Sunset Blvd. Review


Sunset Blvd. is a bold picture outlining the destructive nature of the film industry. Director Billy Wilder reportedly made a lot of enemies with this film, and it’s not hard to see why. It’s a film noir/character study/cautionary tale that doesn’t pull many punches. But the central performance by Gloria Swanson is quite hammy, to the point it detracts from the narrative. Therefore, I’m not as enthusiastic about it as most. While I liked it, I was definitely disappointed.

Joe Gillis (William Holden) is a struggling screenplay writer. He’s months late on his rent, and debt collectors have come to take his car. While trying to evade them, he stumbles across a crumbling mansion on Sunset Blvd., home to silent film star Norma Desmond (Gloria Swanson) and her faithful servant, Max (Erich von Stroheim). Norma clearly has some issues. When Joe gets there, she is preparing a burial for her dead monkey. But she needs help with a screenplay she wrote for herself, and Joe needs money, so the two are forced together. The next day, all of Joe’s belongings are delivered to the mansion, and he realizes this might not just be a quick buck. Soon, Norma’s obsession for Joe rivals her obsession for fame, and when Joe begins sneaking out every night to work on a screenplay with the young and vibrant Betty Schaefer (Nancy Olson), Norma is forced to take drastic action.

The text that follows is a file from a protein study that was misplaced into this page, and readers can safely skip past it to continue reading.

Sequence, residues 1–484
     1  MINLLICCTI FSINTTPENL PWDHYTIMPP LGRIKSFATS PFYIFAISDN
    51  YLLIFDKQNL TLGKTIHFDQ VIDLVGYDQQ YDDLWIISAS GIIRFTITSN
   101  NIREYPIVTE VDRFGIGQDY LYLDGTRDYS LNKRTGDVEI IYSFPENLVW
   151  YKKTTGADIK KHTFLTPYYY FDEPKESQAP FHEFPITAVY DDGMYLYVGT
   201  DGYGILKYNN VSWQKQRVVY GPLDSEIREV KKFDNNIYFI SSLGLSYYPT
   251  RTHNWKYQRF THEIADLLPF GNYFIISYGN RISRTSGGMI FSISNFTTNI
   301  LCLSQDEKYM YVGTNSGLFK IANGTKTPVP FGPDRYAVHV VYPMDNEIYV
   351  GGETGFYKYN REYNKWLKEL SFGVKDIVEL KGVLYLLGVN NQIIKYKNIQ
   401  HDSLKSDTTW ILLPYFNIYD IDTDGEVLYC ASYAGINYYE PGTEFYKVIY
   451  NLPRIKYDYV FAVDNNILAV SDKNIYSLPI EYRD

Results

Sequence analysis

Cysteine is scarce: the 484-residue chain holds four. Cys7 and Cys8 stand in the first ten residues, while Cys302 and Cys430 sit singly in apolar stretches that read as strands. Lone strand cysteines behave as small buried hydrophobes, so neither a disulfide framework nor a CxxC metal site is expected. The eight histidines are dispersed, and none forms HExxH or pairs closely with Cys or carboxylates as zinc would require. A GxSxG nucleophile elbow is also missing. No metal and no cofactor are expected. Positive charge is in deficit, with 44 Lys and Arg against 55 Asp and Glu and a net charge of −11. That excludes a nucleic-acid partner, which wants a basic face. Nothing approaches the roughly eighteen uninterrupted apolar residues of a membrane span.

No discussion about Sunset Blvd. would be complete without a thorough look at Gloria Swanson’s performance as the painfully deluded Norma. It’s confusing to analyze (as I’ve written this, my opinion changed twice), but my gut instinct is that it was way too over-the-top. Norma is certainly crazy, and Swanson’s performance accurately shows that. However, some of her mannerisms (the constantly bulging eyes, the up-turned head and the bizarre hand motions) just seemed wrong. It’s hard to see any semblance of past sanity in her, so it’s hard to feel bad for her. In the film’s final moments, I found her repulsive and completely unsympathetic; my feelings were closer to laughter than pity.

But despite this big flaw, the film still works. Holden and von Stroheim are great as the cynical Joe and loyal Max, respectively. The real star of the film, however, is Billy Wilder. He really had guts to stick it to the Hollywood establishment (for if the film has a villain, it’s the movie industry). And he creates an incredible atmosphere, using the set pieces with great effect. Norma’s mansion was eerily similar to Xanadu with all of its clutter (rather than statues, Norma’s mansion is populated by pictures of herself). Many of the shots Wilder creates are phenomenal, such as the shot in which lights going off in Norma’s bedroom through the keyhole and the shot of the dead body in the pool.

I had a hard time with this film because it does so many things right, but everything, especially Swanson’s performance threatens to cross the line into self-parody. It’s regarded by most as one of the all-time greats. And while I recommend it, I’m not nearly that enthusiastic about it. I give Wilder credit though for the balls to make a film about Hollywood that is this cynical.

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